Addition to Banfield Hall at UAS Student Housing Update
The Chancellor’s cabinet has put together the following list of important points for letter writers.
The Legislature has approved $4 million in General Funds for the UAS Banfield Hall dormitory addition in the Capital Budget. (Total cost: $8,750,000). The Capital Budget is now under consideration by Governor Parnell. Chancellor Pugh requests your support for the UAS Addition to Banfield Hall at Student Housing, by means of a letter-writing campaign to the governor. The Chancellor’s cabinet has put together the following list of important points for letter writers:
UAS's recruitment efforts target Alaskan students. The majority of the 60 new beds in Banfield Hall will be occupied by students from all over Alaska. Many of these students will be from rural villages, but it is useful to note that a growing number are coming from Anchorage and communities along the Rail Belt. During this past academic year, 36 Alaskan communities had students residing in Banfield Hall.
With the passage of funding for the Governor’s Alaska Performance Scholarship (APS), the UAS freshman student-body from outside Juneau is anticipated to increase substantially due to APS. High achieving students with APS will expect a supportive campus life program, including freshman housing.
Finding safe, suitable and affordable housing is a basic need of freshman students from outside Juneau. Parents from outside Juneau are very reluctant to send their freshman to UAS without a commitment for housing. In the fall 2010 semester, in order to accommodate as many freshmen as possible, every available space was used.
Without this addition, UAS Juneau's full time enrollment of students from outside the Juneau community will be capped. There simply are not enough affordable apartments in the community available to meet the housing demand for an increased population of university students. In addition, freshman students have unique needs for housing that have not been met in private housing.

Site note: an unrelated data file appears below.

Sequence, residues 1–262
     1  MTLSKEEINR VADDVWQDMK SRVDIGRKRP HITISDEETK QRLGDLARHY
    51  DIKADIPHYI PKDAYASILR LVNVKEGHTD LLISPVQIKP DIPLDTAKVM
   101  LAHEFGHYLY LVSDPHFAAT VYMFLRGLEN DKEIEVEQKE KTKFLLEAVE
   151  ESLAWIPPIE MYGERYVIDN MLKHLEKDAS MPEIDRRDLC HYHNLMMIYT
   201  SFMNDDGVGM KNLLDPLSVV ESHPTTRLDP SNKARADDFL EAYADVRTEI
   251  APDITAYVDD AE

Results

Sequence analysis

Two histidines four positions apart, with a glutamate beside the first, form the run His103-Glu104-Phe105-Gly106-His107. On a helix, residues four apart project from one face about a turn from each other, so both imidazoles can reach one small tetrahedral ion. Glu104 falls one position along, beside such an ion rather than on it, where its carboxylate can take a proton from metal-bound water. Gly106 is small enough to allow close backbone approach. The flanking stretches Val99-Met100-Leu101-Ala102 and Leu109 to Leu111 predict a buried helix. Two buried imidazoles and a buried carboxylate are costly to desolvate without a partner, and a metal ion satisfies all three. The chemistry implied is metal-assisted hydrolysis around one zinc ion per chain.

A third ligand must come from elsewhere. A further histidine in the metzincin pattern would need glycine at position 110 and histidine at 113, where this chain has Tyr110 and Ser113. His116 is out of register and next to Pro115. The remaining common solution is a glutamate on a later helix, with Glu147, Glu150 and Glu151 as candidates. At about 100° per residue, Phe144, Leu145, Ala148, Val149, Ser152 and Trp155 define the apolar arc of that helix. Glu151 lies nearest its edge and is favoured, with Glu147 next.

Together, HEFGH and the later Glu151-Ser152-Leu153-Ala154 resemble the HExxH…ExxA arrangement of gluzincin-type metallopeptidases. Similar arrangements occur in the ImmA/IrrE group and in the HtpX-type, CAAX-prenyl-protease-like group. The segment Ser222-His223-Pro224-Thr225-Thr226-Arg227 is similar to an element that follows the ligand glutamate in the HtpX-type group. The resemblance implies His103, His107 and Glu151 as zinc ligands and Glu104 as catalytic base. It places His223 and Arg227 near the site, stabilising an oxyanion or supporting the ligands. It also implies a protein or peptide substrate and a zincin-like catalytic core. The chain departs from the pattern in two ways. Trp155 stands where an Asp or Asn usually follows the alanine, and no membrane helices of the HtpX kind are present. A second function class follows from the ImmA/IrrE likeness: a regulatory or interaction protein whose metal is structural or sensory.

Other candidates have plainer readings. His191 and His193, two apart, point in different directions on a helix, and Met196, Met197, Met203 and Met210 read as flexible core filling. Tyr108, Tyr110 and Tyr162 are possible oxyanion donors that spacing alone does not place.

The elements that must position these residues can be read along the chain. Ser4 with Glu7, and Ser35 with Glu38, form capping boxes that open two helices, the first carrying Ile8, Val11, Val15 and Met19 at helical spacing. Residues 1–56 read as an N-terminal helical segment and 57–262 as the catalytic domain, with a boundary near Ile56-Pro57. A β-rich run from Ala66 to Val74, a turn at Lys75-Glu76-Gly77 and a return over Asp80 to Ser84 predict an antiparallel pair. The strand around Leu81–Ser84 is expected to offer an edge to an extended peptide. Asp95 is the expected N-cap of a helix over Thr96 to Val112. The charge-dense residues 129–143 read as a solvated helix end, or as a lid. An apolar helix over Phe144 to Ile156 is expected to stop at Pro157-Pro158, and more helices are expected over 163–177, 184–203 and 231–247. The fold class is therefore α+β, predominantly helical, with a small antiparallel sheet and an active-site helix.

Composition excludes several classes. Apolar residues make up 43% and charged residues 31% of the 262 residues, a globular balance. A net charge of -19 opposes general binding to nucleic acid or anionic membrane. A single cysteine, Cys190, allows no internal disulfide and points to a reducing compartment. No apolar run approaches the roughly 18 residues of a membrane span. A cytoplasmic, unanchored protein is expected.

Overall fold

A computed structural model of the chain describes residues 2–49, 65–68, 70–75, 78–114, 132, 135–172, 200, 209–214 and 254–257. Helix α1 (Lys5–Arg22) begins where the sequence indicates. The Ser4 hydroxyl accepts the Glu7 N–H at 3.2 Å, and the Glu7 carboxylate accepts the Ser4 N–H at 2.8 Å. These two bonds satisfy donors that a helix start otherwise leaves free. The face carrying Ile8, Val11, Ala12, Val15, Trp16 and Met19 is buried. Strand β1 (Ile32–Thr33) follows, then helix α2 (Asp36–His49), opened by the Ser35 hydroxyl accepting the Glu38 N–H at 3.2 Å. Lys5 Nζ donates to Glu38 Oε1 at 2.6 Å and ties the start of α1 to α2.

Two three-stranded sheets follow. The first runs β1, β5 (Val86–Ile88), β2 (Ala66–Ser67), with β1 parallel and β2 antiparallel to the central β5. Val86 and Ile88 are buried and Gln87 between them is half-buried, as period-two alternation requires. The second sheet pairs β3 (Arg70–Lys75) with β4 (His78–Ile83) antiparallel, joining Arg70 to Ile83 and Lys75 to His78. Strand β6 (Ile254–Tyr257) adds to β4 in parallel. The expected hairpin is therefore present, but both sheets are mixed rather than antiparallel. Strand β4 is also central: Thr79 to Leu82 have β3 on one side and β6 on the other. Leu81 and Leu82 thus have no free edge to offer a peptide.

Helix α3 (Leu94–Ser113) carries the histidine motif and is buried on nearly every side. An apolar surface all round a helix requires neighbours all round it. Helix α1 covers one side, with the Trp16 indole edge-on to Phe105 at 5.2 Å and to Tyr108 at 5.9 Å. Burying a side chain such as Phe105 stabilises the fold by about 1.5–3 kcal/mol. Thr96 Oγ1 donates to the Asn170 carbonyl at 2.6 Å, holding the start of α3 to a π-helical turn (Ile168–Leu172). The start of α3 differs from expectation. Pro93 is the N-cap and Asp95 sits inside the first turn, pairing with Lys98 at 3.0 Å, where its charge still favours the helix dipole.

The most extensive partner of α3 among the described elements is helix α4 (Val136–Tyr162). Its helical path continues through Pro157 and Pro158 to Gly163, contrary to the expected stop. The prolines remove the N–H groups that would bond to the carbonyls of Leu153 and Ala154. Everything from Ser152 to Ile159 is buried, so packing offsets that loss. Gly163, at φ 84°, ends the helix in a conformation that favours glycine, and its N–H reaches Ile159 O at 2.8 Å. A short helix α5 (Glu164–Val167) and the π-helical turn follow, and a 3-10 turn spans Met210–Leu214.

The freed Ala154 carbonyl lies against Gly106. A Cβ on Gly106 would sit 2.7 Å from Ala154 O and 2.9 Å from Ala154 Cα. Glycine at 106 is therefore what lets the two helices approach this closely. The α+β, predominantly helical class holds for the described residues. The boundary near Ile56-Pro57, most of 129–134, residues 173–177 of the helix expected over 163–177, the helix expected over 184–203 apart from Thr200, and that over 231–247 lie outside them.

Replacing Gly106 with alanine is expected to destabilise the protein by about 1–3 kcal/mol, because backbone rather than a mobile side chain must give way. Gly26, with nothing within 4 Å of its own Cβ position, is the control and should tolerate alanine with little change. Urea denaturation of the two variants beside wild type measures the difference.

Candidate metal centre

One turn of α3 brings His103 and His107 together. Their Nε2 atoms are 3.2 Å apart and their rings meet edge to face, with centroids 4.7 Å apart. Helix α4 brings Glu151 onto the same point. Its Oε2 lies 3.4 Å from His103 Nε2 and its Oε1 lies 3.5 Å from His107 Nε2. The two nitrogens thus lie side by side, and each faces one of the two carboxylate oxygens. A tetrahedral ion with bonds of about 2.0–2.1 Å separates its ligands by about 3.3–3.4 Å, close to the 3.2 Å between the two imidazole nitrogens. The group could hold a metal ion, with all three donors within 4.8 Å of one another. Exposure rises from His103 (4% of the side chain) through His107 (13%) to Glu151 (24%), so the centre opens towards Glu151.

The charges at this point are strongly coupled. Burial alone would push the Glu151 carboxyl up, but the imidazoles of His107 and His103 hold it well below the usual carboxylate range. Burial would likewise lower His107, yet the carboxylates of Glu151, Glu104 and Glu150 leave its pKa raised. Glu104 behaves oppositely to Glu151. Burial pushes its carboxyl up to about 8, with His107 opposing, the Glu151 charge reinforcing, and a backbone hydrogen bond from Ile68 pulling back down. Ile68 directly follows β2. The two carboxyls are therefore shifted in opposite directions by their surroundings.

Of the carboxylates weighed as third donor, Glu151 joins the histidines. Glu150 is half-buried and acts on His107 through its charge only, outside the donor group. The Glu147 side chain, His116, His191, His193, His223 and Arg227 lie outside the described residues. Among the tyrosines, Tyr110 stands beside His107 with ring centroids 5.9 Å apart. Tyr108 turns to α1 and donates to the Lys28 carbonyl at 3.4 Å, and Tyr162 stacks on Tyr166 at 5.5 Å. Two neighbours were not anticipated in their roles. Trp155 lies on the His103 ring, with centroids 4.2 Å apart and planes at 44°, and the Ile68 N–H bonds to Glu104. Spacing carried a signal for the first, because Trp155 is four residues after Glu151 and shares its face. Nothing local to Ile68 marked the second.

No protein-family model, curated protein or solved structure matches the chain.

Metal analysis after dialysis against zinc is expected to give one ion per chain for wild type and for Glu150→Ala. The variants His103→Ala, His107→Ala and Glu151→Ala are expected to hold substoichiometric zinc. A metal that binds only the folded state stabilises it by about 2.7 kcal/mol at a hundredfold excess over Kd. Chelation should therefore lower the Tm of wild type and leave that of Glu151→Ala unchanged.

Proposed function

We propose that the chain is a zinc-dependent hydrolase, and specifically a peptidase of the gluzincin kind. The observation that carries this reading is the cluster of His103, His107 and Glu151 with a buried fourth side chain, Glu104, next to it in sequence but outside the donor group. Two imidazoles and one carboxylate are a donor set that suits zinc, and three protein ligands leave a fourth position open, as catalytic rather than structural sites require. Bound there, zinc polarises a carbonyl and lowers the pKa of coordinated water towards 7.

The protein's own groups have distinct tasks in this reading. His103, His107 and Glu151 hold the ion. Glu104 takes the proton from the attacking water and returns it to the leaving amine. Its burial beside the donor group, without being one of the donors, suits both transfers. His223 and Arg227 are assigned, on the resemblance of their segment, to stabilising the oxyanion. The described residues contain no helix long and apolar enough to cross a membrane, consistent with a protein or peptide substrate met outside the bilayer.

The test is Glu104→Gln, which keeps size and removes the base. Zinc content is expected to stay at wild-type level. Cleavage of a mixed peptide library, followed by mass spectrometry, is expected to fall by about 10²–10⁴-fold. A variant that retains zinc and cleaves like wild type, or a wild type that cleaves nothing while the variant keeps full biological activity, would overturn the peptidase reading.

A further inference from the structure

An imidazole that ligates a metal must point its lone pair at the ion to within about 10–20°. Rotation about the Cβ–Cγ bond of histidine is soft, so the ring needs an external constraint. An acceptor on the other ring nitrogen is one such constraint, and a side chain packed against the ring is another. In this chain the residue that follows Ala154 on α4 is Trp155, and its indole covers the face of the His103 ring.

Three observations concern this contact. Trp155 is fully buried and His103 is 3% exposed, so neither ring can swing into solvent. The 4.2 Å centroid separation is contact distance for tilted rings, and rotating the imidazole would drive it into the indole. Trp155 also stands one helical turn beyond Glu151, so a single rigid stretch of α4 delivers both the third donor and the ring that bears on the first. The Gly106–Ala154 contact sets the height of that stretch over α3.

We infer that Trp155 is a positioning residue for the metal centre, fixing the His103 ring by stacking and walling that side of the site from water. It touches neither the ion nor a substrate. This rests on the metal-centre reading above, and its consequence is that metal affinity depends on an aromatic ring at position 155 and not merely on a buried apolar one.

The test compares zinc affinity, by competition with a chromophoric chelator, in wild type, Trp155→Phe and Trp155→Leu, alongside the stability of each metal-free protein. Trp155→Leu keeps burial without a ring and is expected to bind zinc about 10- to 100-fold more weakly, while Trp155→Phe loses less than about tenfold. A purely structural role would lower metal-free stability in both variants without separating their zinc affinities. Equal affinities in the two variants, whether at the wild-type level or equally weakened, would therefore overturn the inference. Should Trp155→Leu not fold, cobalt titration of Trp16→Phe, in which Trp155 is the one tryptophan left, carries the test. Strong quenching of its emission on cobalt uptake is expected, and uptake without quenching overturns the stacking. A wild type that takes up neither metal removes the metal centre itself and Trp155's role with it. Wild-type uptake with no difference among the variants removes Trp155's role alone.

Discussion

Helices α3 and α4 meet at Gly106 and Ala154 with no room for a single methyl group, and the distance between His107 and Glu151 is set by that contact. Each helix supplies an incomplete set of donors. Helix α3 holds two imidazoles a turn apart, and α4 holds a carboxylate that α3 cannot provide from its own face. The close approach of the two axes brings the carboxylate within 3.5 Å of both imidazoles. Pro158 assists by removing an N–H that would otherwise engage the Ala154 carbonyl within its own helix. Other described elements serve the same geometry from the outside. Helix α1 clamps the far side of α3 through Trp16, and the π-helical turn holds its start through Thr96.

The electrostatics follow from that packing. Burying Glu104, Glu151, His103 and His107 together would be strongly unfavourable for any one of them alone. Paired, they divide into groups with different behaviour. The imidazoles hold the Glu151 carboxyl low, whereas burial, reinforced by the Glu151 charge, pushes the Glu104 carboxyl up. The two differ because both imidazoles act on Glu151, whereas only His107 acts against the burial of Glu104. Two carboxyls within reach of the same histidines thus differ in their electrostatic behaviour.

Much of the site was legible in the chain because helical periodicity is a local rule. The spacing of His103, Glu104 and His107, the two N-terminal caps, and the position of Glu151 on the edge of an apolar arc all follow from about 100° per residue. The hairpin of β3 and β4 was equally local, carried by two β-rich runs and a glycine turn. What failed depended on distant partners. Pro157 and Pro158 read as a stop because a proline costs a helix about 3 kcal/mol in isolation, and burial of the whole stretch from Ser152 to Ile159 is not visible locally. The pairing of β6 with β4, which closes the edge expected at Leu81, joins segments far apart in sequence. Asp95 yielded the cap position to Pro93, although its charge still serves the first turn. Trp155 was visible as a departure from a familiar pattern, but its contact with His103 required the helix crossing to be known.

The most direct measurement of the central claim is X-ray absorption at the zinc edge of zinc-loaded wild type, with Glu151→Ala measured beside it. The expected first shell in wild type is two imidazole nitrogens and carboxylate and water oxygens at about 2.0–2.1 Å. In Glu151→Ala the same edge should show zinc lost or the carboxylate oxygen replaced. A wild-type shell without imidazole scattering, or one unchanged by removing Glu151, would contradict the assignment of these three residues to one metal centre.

Freshman students who do not live on campus are much less likely to take advantage of university social programs and academic support services. Once students leave campus for the day, they do not come back for evening programs or other opportunities to build strong personal connections to their classmates. They miss the connection to the university, its social life and support programs, and are less likely to stay at UAS and complete their education.
The proposed addition includes rooms specifically for academic support services like tutoring, advising and, even provide space for freshman level classes that could be taught there. The idea is to bring academics into the student's living space. The addition will be more than just a place to sleep, but will also be a place where students can receive help in their classes, meet with their academic advisor, even take a class.
The 15-20 minute walk to the Mourant Cafeteria on the main campus has always proved to be difficult for young students. The ice and snow in the winter as well as the darkness and, of course the rain, have caused hardship for students to get to their evening meal and often times breakfast. Freshmen are more likely to skip a meal than to make the trek to campus to eat.
Student success research on freshman retention indicates that the social aspect to sitting down to a meal with friends is a positive factor in retention from freshman to sophomore. The day’s activities can be shared, future activities planned, and more importantly, mutual support provided in particularly stressful times like mid-term and final exam weeks. All of these factors influence retention and completion.
Many colleges and universities use their food service programs as a focal point of social events for students. At UAS this is difficult because of the distance between food service and the residence hall. Students are less likely to attend evening social events in the cafeteria because it is not convenient.
As long as the residence hall is full and food service is a 15-20 minute walk away, students will be more likely to look elsewhere for their education.